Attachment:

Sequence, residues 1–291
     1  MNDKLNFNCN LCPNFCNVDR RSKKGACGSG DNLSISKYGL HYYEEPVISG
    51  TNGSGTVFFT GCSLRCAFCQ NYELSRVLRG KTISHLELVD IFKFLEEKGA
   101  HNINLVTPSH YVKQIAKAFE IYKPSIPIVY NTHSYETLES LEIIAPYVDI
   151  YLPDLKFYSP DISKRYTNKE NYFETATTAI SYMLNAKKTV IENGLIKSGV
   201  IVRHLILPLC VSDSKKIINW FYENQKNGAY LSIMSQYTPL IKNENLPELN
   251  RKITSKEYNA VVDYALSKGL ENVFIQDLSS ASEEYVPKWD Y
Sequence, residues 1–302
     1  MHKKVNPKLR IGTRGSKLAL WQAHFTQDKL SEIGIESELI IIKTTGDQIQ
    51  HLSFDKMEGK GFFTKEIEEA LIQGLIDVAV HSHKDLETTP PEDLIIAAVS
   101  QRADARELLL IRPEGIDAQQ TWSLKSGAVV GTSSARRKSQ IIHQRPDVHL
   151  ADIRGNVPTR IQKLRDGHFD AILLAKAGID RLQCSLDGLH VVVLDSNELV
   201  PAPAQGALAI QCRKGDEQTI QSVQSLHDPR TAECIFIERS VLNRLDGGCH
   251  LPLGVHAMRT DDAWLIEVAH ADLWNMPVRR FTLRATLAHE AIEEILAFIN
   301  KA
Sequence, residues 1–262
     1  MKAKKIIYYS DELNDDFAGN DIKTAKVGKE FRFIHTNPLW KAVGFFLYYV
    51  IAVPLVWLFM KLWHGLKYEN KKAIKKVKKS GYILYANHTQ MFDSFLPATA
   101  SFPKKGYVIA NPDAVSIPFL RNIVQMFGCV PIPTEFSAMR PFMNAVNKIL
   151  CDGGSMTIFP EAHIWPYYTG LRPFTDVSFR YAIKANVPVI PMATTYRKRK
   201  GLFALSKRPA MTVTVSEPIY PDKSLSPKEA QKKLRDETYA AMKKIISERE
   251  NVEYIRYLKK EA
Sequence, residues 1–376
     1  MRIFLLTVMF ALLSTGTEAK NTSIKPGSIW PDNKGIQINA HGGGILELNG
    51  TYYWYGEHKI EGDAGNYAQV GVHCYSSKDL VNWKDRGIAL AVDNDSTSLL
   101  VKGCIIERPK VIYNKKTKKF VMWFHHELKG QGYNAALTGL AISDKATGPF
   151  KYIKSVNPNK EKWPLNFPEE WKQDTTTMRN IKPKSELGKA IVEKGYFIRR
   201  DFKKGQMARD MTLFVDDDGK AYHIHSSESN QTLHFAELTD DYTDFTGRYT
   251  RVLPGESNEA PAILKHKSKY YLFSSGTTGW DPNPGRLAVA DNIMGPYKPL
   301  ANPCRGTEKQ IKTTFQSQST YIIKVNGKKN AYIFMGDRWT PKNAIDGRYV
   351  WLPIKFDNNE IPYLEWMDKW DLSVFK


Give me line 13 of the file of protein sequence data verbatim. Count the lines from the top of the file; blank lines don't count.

   201  PAPAQGALAI QCRKGDEQTI QSVQSLHDPR TAECIFIERS VLNRLDGGCH